Achilles slays Penthesilea, the Queen of the Amazons and regrets it immediately (Plaster by Bertel Thorvaldsen, 1837)
At the fag end of the Trojan War the desperate Trojans, facing defeat, recruited a mercenary army of Amazons – ravishingly beautiful and at the same time brawny muscular big-breasted women, trained in hand-to-hand combat.
The 4th Century BC compiler of Greek mythology, Palaephatus, thought that the Amazons were actually men mistaken for women by their enemies because they wore clothing which reached their feet, shaved their beards and tied up their hair in headbands.
Of course, you and I know that the Amazons were broads. Legend has it that they made love to a man only once, because he died right after, his richard squashed under crushing vaginal muscle control which must have been like the pressures that the “Trieste” felt at the Challenger Deep. If you were an Amazonian man in those days, you had a hard choice to make – you either had a satisfying orgasm that was immediately followed by your penis being squeezed into a neutron star-like singularity or you chose to skip sex with a Gandhi-like ethos and a game of tennis and remained alive.
There’s no archaeological evidence of any neutron stars being formed out of crushed penises of course. I like to bring sex into everything and this is my blog and I’ll bring in sex whenever I wish.
When the Trojans decided to call in the Amazons in their war against the Greeks, it was a matter of time before Penthesilea – the Queen of the Amazons was facing off against the Greeks’ silver bullet hero, Achilles. If Penthesilea had had the right intelligence briefing, she’d have known that Achilles had been given the boon of invincibility by Zeus and he could never get whacked. Unless. Unless they knew about his heel, which unfortunately no one had told Penthesilea unfortunately didn’t.
Long story short, Achilles slew her. Oh yeah, in ancient Greece you didn’t kill anyone, you slew them. When Achilles removed the helmet and chest plate from the corpse and saw what was underneath (especially under the chest plate) he immediately regretted killing her. I wonder what he muttered under his breath. Maybe – “My oh my, what a waste of a gorgeous….pu…baby cat…”
According to Homer, Achilles was bowled over by Penthesilea’s beauty and fell head over heels in love with her – her corpse, that is. He begged his mother, Zeus’s favorite sea nymph Thetis, to bring Penthesilea back to life with those magical powers that Zeus had bestowed on her in exchange for being shtupped morning noon and night, but Thetis made excuses and begged off. Knowing Zeus’s roving eyes, she didn’t want competition.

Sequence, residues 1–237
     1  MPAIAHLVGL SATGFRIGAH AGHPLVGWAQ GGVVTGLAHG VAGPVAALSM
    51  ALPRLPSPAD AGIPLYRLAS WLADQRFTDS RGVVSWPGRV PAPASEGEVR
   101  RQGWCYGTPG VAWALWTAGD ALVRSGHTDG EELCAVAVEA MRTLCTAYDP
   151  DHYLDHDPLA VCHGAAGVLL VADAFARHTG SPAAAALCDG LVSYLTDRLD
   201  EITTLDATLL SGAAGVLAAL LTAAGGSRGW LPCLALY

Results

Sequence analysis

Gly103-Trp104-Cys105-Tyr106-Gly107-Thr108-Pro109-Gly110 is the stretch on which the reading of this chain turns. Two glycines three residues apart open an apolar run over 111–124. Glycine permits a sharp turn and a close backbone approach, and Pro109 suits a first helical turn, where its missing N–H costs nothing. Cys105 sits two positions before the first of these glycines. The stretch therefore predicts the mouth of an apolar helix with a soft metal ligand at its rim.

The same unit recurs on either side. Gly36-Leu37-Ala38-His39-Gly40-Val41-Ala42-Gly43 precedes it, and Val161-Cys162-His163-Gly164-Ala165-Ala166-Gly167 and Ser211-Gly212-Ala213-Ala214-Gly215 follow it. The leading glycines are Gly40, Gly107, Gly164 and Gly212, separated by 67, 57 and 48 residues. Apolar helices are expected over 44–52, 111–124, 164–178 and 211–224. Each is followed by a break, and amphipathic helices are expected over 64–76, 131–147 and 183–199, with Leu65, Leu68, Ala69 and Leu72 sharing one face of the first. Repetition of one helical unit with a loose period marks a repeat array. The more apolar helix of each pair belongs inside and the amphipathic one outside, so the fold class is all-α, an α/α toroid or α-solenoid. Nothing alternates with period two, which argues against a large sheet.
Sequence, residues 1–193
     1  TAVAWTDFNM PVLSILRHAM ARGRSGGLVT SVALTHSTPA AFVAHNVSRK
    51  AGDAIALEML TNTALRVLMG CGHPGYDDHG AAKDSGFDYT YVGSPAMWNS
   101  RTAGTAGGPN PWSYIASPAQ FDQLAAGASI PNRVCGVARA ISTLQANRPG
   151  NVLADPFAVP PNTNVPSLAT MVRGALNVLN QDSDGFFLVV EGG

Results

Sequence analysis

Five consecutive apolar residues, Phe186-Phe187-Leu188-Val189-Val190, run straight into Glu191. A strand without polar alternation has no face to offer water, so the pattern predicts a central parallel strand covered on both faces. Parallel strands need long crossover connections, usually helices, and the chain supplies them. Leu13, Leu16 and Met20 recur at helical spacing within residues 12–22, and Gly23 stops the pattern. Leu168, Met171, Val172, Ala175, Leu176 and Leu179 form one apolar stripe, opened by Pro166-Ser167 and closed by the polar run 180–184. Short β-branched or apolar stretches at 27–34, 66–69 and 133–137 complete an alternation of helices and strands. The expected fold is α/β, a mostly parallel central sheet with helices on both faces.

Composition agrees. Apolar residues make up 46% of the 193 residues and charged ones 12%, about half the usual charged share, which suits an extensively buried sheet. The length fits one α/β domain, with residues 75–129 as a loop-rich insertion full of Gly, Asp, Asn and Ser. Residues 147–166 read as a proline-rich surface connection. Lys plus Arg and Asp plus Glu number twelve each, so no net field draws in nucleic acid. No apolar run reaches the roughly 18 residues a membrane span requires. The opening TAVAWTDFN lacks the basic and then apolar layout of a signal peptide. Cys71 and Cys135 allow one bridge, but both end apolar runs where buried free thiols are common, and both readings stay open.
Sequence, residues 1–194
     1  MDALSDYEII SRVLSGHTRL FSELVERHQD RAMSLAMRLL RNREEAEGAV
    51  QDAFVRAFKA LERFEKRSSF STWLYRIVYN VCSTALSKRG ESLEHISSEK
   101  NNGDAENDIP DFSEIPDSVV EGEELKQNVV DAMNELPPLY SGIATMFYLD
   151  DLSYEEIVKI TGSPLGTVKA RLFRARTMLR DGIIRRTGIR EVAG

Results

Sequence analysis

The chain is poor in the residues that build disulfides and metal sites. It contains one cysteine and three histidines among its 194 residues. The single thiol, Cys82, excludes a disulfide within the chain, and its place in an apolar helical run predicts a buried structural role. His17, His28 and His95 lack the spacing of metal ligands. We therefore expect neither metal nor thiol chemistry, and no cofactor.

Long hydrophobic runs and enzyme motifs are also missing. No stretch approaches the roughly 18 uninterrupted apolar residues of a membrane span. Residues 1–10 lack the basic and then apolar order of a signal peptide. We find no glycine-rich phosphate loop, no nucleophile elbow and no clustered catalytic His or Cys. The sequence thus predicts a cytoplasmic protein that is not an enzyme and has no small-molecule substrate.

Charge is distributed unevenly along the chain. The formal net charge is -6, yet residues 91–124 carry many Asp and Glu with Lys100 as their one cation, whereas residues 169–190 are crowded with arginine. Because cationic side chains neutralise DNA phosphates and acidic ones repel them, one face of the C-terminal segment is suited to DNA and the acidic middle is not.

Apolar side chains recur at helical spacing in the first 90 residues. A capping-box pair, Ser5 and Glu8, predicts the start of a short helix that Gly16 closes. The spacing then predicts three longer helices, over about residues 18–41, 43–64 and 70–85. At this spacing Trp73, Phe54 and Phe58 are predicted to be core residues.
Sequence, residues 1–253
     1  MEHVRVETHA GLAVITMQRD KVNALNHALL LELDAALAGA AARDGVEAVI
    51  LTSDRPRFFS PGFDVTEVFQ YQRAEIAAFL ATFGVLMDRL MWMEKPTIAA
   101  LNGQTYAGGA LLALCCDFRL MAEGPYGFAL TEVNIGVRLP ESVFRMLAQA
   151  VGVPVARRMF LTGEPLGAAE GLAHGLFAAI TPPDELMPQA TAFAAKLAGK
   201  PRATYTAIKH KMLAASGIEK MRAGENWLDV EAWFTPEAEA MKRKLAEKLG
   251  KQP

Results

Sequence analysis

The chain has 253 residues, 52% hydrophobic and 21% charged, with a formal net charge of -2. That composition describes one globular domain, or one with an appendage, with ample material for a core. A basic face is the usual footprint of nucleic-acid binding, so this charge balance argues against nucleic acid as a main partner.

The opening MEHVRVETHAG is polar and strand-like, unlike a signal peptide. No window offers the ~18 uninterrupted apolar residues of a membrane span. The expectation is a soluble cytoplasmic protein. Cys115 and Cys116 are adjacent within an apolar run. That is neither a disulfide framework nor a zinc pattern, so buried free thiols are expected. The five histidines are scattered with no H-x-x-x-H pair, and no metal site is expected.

(In case you come across a differing version of the story of Penthesilea and Achilles, ignore it. This is the official one).
Whatever the truth about the Amazons, there have been exceedingly strong women through the ages who have kicked ass. There have been many, some good and some scheming, but they all had some things in common – they knew exactly what men wanted. The Roman Empress, Aggripina the Younger, who would stop at nothing in order to see her son, Nero, crowned emperor and that included poisoning her own hubby, the incumbent Emperor Claudius. In overwhelmingly patriarchal India, the Rani (Queen) Lakshmibai of princely Indian state of Jhansi, led her fighters against the British during the 1857 rebellion. They say, she knew each of the thousands of soldiers she commanded personally by name and made them feel special. 400 years prior, Jeanne d’Arc did exactly that. She infused tremendous morale into a rag tag French army and kicked English badunkadonk till they couldn’t take it anymore and burnt her at the stake.
History has shown that women are far more capable of tremendous resilience under crushing adversity than men. Research by the Harvard Business Review has concluded that women are perceived by their managers — particularly their male managers — to be more effective than men in virtually every functional area of work. They are more adept at multi-tasking and constantly exhibit initiative, nerve and resilience. They are eager to professionally develop themselves and are more firmly focused on results, while displaying high integrity and honesty. The HBR study found women to be more effective in 84% of the competencies that employers treasure the most in their managers.
If one goes by the number of years – perhaps ever since walls came up in 11000BC around the first human settlement on the northern coast of the Dead Sea at a tiny hamlet that would later be known as Jericho – yes, ever since then, gender inequality has been the longest running human rights issue ever.
In 1960s, the American cigarette maker, Phillip Morris, launched a cigarette with a single target market – women. Unlike regular cigarettes, the new product – Virginia Slims – were slender and longer, making them look and feel feminine and elegant.
In those days cigarette ads were legal and so the launch was accompanied by a prize-winning ad campaign that had the tagline – “You’ve a come a long way, baby”. The copy was cheeky, aimed to portray the modern woman as being emancipated and no less than men.
Here is a collection of those ads. Take a minute to read the funny captions on the photos, they are hilarious. The one that has no accompanying snippet is the one that speaks the loudest – it portrays a stylish black woman in a freaky Afro top and bell bottoms, looking like she doesn’t give a damn. It is the only one that does not have any accompanying caption. The presence of a black woman in a 1968 ad is the point.
In the real world, gender equality remains a distant mirage even today. The percentage of women in senior leadership roles in business is still very low. In spite of the fact that women make better leaders, only around 5% of Fortune 500 CEOs are women.
Maybe I should have named this post “You still have a long way, Baby”